Role of imaging in vasculitis and connective tissue diseases

Nicolò Pipitone, Carlo Salvarani

Research output: Contribution to journalArticlepeer-review

Abstract

Imaging techniques play a pivotal role in securing the diagnosis of large vessel vasculitis, and in demonstrating internal organ involvement in connective tissue diseases. In large vessel vasculitis, angiography is useful in demonstrating vessel stenoses or aneurysms. However, angiography is unable to reveal initial lesions such as vessel wall oedema and thickening, and is thus not useful to make an early diagnosis. In contrast, colour Doppler ultrasonography, computerized tomography angiography, and magnetic resonance imaging/angiography are able to delineate both the vessel wall and the lumen. Therefore, they may show vessel wall alterations when the lumen is still unaffected on angiography. 18Fluorodeoxyglucose positron emission tomography does not visualize the vessel wall, but is very sensitive in revealing inflamed vessels. All of these investigations have also been used to follow up patients over time and to monitor response to treatment. In connective tissue diseases, imaging techniques are particularly useful to study internal organs, especially the brain and lung. Magnetic resonance imaging is the investigation of choice to detect and monitor brain disease, while computerized tomography is the best procedure for lung disease. However, since most imaging findings are not entirely specific for any given condition, it is important to interpret the results of imaging in the broader clinical context.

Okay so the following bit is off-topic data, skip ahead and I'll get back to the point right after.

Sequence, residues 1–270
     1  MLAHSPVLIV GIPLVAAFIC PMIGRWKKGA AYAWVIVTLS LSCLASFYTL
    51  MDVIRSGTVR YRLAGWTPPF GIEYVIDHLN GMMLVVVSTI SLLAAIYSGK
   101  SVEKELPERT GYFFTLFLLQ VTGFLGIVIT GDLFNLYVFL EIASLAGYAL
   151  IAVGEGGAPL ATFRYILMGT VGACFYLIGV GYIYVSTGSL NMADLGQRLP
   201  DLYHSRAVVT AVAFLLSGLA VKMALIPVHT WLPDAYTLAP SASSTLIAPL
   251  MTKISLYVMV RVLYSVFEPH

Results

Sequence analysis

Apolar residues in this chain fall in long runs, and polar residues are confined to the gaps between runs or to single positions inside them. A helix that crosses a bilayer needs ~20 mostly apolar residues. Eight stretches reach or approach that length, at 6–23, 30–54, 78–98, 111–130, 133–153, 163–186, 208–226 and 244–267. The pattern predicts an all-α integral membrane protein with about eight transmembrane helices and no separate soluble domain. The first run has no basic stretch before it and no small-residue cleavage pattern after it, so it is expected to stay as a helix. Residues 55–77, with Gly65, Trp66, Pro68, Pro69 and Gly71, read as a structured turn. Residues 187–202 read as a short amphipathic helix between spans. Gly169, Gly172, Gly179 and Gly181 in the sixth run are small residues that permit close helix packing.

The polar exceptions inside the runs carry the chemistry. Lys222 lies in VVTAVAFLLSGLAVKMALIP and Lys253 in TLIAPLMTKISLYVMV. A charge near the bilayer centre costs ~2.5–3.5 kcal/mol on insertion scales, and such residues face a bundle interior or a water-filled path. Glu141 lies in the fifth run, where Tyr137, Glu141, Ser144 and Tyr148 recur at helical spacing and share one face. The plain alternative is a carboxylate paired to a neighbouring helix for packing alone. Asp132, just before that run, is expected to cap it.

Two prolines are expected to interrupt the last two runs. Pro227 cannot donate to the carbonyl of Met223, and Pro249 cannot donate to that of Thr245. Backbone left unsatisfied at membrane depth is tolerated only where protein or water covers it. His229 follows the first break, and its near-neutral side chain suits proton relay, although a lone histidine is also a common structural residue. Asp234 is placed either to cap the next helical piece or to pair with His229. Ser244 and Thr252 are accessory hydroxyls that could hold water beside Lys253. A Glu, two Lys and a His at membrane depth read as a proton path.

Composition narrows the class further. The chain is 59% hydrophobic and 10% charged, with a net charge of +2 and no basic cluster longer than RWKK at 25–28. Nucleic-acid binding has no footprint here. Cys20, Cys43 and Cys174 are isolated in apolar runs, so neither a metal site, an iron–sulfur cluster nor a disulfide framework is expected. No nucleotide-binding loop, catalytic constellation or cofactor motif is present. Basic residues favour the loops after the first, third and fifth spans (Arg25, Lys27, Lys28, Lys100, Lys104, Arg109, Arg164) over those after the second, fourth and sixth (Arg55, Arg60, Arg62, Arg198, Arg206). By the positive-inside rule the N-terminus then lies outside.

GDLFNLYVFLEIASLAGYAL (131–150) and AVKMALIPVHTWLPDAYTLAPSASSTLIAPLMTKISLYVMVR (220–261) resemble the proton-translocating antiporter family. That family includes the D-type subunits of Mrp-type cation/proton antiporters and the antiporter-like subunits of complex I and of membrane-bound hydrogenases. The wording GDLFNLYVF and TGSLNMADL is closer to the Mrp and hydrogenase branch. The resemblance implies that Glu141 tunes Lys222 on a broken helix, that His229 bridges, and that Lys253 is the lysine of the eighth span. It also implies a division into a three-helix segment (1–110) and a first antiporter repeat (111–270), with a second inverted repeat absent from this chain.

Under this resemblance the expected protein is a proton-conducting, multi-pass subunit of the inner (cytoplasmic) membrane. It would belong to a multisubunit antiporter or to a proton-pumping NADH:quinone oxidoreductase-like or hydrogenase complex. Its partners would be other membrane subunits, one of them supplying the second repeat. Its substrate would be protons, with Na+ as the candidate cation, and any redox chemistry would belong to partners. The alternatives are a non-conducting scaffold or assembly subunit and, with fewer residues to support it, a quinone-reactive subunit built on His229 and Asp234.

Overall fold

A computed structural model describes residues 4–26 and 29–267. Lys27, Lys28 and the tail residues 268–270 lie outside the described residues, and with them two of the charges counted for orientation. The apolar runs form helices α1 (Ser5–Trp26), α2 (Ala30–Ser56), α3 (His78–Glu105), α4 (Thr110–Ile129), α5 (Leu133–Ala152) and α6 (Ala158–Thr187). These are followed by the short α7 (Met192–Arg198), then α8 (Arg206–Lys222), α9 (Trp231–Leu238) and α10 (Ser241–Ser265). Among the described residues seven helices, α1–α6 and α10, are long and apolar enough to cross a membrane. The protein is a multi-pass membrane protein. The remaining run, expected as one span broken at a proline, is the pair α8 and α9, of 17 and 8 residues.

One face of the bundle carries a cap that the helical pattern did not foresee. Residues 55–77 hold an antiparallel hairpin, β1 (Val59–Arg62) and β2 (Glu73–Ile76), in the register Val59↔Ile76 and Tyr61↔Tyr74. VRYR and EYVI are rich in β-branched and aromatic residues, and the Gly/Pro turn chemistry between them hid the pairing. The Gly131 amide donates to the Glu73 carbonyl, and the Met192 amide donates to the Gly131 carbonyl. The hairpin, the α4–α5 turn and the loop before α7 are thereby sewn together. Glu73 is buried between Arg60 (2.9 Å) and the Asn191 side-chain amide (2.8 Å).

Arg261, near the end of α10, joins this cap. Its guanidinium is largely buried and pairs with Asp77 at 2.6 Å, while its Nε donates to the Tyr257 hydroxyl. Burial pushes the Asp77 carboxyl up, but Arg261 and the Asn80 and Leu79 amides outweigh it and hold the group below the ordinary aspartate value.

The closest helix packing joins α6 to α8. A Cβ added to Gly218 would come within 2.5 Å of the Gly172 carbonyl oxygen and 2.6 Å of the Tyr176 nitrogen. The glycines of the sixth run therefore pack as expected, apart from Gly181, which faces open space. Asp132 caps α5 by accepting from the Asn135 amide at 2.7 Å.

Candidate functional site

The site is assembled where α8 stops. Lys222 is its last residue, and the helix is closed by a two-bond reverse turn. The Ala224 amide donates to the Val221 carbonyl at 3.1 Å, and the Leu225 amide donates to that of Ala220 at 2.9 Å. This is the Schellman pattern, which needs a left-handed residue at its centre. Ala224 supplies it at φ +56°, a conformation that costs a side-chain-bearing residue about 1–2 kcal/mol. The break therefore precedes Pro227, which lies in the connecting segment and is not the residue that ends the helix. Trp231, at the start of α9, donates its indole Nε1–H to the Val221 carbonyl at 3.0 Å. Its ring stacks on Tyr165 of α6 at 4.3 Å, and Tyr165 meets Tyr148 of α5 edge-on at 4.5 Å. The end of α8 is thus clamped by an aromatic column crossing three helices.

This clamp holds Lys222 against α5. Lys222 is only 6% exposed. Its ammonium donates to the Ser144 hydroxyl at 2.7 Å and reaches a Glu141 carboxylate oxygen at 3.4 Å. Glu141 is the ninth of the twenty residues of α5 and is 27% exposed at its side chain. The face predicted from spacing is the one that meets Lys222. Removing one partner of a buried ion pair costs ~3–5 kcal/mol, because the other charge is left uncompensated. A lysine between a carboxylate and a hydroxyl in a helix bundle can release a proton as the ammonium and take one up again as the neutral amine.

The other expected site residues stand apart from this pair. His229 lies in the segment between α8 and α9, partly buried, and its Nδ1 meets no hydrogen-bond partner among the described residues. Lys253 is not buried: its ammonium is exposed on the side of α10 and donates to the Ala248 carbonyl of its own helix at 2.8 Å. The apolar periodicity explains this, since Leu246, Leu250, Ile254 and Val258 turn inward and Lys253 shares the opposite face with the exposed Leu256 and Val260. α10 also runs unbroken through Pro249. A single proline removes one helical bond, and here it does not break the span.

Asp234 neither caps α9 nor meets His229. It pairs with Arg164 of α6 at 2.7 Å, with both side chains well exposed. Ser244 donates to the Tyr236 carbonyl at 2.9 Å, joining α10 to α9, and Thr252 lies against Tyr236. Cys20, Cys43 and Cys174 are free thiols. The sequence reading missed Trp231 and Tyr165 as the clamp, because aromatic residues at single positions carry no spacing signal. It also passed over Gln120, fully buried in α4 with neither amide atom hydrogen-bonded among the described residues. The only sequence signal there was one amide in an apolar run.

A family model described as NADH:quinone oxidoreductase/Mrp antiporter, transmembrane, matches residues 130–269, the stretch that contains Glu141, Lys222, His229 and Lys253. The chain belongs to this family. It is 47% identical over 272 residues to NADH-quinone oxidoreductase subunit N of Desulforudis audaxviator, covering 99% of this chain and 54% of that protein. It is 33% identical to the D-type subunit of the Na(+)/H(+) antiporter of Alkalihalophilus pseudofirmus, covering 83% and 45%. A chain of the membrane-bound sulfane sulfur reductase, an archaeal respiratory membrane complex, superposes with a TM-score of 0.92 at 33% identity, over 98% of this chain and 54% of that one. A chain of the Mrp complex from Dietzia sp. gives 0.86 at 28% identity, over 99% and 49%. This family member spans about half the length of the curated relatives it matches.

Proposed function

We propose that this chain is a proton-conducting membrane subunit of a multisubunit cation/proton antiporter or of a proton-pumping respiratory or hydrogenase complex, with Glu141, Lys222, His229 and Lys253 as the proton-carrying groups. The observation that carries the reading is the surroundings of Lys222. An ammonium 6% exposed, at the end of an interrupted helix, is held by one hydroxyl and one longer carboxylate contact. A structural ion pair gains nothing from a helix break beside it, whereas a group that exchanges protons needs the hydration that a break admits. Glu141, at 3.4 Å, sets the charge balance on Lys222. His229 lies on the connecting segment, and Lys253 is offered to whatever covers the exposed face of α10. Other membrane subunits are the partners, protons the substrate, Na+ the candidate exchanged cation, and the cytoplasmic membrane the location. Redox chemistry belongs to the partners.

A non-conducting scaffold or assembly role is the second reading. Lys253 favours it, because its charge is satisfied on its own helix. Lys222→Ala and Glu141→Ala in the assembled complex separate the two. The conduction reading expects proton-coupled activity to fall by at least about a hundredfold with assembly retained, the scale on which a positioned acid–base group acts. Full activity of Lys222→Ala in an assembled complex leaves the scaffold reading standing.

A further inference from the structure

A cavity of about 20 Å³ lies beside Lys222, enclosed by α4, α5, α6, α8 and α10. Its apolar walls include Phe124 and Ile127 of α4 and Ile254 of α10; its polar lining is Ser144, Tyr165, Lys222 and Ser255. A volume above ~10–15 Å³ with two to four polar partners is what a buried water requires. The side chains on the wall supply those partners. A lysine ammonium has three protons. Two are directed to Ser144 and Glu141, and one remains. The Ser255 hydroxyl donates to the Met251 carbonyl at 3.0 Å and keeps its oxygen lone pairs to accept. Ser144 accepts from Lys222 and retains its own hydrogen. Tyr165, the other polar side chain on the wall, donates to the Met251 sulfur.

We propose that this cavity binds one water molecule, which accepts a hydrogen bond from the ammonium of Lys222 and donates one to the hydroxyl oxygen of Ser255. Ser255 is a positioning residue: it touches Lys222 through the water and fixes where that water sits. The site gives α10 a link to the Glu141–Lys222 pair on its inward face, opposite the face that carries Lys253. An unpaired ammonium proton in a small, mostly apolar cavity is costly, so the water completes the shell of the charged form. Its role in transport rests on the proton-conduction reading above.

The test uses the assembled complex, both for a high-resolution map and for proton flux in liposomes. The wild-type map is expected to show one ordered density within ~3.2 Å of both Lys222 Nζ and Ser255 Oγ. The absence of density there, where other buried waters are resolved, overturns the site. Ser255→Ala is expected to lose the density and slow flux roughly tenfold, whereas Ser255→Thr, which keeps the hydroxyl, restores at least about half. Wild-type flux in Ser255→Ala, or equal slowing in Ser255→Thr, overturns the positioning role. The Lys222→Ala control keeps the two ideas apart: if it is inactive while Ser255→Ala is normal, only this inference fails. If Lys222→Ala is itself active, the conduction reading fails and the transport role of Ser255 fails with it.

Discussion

Original languageEnglish
Pages (from-to)1075-1091
Number of pages17
JournalBest Practice and Research: Clinical Rheumatology
Volume22
Issue number6
DOIs
Publication statusPublished - Dec 2008

Keywords

  • fluorodeoxyglucose positron emission tomography
  • angiography
  • computerized tomography
  • magnetic resonance imaging
  • myositis
  • Sjøgren's syndrome
  • systemic lupus erythaematosus
  • systemic sclerosis
  • vasculitis

ASJC Scopus subject areas

  • Rheumatology

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